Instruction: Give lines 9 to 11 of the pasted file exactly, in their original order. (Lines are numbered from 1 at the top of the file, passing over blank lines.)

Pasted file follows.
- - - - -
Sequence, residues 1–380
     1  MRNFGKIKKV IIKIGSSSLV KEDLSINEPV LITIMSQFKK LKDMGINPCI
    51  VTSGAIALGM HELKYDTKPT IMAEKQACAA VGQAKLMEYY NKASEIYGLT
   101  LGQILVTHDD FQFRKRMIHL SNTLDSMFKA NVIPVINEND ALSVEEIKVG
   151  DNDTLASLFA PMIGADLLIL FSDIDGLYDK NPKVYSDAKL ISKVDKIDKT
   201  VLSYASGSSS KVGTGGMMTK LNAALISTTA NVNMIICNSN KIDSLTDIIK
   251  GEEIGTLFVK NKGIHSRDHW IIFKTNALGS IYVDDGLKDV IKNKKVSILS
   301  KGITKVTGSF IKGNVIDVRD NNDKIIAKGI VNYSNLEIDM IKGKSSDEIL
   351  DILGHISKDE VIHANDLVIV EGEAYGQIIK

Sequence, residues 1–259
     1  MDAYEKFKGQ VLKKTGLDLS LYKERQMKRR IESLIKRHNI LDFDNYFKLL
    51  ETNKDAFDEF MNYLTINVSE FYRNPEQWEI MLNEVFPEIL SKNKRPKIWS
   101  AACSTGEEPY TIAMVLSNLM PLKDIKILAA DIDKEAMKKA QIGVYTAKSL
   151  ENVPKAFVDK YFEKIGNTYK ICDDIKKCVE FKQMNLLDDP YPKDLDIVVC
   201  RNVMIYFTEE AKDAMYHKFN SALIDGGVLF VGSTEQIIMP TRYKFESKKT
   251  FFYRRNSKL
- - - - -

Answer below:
   351  DILGHISKDE VIHANDLVIV EGEAYGQIIK

Sequence, residues 1–259
     1  MDAYEKFKGQ VLKKTGLDLS LYKERQMKRR IESLIKRHNI LDFDNYFKLL